MS WINKELMAN   To the isolation room?


MS WINKELMAN   And then you went to the airport?

MR BAKHTIARVANDI   Yep. And around airport was security guard. ACM and police security guard. It’s like they wanna transfer few really dangerous people from Port Hedland to somewhere else. We didn’t know what’s happening. And they took me to very small airplane. Very small. It was, I remember, nine chair, with another two detainees. Another two single detainees with Iranian, Iraqi family to a little bit bigger airplane. And we went to Perth.


MR BAKHTIARVANDI   Yep. ACM car was there, with ACM security for that two single people they was with me in the airplane, and they put handcuff on their hand and take them to Perth Detention Centre. And they let me to come out with two security guard. One of them actually ACM manager of Maribyrnong Detention Centre – and that time I didn’t know. And I think his name was ‘Tony’. He was nice man. And he said “look, we have another five of us flew, fly, and if you need to use bathroom, or need some drink, you are free if you wanna walk, you are free, but don’t go too far.” It means he let me to be a little bit free. I think that was my only time a little bit was free without any security. After a short while we went to Maribyrnong Detention Centre.



MS WINKELMAN   …Melbourne?

MR BAKHTIARVANDI   …Melbourne. Even in Melbourne Airport, I asked the security guard – who came from Maribyrnong Detention Centre to take me there – “which city is it?” They said “oh, we don’t know”. Because I didn’t know Melbourne, Sydney, or anywhere in Australia in that time. I said “that’s okay”. When I went to Maribyrnong Detention Centre still I didn’t know anything. I saw two of my friend, they came from Port Hedland in the same time with different airplane, and I ask them “which detention centre is this?” They said “This is Maribyrnong Detention Centre in Melbourne.” I said “oh, I was thinking it was Sydney, ‘cause I – in the night time when we came to Melbourne and everywhere was – you can see lots of light and big city – and they said “no, this is Maribyrnong Detention in Melbourne”. Anyway…

MS WINKELMAN   When was this? 2000-and?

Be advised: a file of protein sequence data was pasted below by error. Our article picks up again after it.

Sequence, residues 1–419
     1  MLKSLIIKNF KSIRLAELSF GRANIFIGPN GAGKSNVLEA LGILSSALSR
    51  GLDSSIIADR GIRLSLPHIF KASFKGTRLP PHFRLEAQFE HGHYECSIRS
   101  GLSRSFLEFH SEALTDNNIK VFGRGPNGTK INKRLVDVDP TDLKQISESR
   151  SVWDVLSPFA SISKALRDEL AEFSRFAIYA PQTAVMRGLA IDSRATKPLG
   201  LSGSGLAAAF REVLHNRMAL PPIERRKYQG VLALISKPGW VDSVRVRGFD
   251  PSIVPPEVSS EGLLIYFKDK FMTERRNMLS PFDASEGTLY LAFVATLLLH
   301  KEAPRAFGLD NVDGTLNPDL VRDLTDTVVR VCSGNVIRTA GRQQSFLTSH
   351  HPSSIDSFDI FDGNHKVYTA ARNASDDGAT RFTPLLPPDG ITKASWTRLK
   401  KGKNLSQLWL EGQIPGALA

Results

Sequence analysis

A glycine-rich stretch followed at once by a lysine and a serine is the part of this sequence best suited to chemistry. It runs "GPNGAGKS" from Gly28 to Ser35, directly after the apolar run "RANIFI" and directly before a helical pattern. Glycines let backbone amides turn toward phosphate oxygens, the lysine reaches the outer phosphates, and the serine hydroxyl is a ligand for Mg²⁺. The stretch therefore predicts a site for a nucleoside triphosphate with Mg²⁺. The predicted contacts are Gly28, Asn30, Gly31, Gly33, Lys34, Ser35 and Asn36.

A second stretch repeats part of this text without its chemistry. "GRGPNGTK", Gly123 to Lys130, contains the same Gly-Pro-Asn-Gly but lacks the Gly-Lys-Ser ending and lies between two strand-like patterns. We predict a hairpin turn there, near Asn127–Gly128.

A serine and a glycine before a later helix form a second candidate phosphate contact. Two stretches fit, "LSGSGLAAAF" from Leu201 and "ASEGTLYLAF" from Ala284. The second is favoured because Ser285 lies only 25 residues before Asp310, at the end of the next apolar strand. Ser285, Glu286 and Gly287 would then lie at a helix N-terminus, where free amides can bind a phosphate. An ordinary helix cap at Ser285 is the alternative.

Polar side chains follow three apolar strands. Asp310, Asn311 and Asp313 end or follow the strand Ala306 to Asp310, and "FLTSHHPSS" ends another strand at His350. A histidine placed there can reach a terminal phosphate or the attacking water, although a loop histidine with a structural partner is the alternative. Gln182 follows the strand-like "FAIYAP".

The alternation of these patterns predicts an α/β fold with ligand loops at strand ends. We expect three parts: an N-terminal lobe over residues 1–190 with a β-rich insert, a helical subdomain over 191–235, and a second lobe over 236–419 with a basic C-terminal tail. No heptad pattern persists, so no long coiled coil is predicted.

MR BAKHTIARVANDI   2001. And in the next, next two days after we went there, we got some visitors from outside. And one of them she is a very famous person in Melbourne and lots of people they know her, and another one from Refugee Action Collective group. Both they organised for some lawyer to come to see us, because there was three – three people from Port Hedland. And they was talking about us in that time in, I think, The Age newspaper, because I saw the print with our name. And, yeah, they was there – Maribyrnong Detention Centre was very small detention centre. It was hard to be there for long time. The only thing different between Maribyrnong and Port Hedland Detention Centre for us – we had three times visitors – morning, afternoon, and night time. And another thing same. Something maybe worse than Port Hedland – like food. In Port Hedland, food was Middle East food, but in Maribyrnong it was different, because few different nationality was there. We had Vietnamese, Chinese, Pakistani, Iranian, and Iraqi, and all people they have same food. Our room was small and for four people. No door for the room. The light on and off with central office. They had no exactly time to turn off or turn on the light. Sometimes this take two o’clock in the morning, sometimes eight-thirty or nine o’clock in the night. I already knew what they doing, because they always try to making people angry, and make them to do something in detention centre, and talk about it in the media as a dangerous, or terrorist, or criminal people in detention centre to make Australian people scared of us. That’s why since I was in detention centre, I was never happy with any situation like that – broken something, or smash the window, or make a fire, or whatever. I was happy to stop eating, even for two months, but I wasn’t happy to broken anything, or have a physical fight with security guard. It wasn’t nice and good to me. Before I came to Maribyrnong Detention Centre, by the thing I saw in middle of 2000, since I came to Port Hedland Detention Centre, I was thinking ‘we had big mistake to come to Australia, because this is 100-percent racist country’ because we couldn’t see anybody nice, because we have no contact with people outside, and we had no visitors – we just can see each other, some security guard, and Immigration officer. And that was making us to thinking like that – ‘this is a horrible country. Why we came to this country?! How we can be free of this country?’ Straight away when I came to Maribyrnong Detention Centre and people start to visiting us. My mind was change, because I saw lots of nice people. They forget their problem, they using their special time from their life, they coming to visit us, and they care about us. They was different people – lawyers, doctor, student, old people, young people. And it was really nice to see them. It was make us to cope with situation inside the Detention Centre when we coming back from visit inside. And there was – I met my ex-wife. She was visiting Afghani lady with her three kids, and she heard about my story in Port Hedland Detention Centre. She come and she was crying and I said “What’s wrong? What’s happening?”. She said “I heard your story, and I get really sad. And I was wondering…” – the time was nearly finished for that visit – “I was wondering if I can to visit you.” I said “I’m happy if you like to come to visit me, but if you wanna cry, no, please, because we have lots of sadness/sorry everyday inside the detention centre, you know? It’s not nice for me to see someone coming and crying because of my situation.” And she said “no, I’m not gonna cry”. I said “ that’s fine, if you wanna come to visit, that’s fine. I have lots of visitor, you can come too.” She come to visit and after few times she ask me if she can marry me. I said “That’s fine, if you thinking we can marry forever, I’m happy.” Because she’s a very lovely person. And she was very happy. She came to visit me everyday, sometimes three times a day – morning, afternoon, nighttime. As soon as Immigration Department they knows we want to engage, in the morning time in 2002 – I think, because I was in Maribyrnong Detention Centre for 16 months – they call for my special doctor, because my lawyer was organising it, doctor from outside to come to visit me to check my problem with my stomach and my leg. When I went to part of immigration in detention, they put me in isolation room, and after a few minutes, immigration manager come and she said “I’m sorry, Ali, you have to go back to Port Hedland. I received a fax from Canberra. There is not enough bed in Maribyrnong Detention Centre.” I that time exactly I never forget – 24 beds was empty, when say to me. I said “that’s okay. They send you fax, I have to go to Port Hedland, that’s fine.”